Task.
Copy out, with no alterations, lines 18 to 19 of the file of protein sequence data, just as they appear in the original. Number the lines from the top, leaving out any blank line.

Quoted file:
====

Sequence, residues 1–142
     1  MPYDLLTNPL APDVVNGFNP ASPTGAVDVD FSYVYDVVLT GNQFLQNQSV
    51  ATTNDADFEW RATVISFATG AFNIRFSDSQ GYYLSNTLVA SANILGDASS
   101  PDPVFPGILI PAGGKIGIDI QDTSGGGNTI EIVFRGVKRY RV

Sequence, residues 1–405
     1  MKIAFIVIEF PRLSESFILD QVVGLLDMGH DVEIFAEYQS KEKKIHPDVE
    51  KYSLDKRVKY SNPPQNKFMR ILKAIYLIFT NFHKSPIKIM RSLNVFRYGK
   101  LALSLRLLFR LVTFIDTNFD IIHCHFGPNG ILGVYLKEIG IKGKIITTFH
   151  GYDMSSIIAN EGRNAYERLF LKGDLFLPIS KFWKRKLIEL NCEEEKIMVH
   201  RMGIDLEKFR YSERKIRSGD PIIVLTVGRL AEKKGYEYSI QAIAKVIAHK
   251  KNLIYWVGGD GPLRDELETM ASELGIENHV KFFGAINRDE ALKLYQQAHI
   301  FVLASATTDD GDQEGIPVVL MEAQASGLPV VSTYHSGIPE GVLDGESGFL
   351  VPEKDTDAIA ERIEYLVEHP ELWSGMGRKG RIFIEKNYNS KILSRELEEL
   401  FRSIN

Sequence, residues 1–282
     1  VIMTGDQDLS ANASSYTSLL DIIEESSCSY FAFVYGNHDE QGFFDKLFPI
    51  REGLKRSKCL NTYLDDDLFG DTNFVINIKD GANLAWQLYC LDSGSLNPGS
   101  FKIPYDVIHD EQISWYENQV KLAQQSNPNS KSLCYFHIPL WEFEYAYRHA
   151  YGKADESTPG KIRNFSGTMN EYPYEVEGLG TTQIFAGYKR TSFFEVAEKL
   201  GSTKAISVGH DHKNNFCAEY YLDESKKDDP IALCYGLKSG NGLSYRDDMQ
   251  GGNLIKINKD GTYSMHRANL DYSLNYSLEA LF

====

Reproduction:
   101  FKIPYDVIHD EQISWYENQV KLAQQSNPNS KSLCYFHIPL WEFEYAYRHA
   151  YGKADESTPG KIRNFSGTMN EYPYEVEGLG TTQIFAGYKR TSFFEVAEKL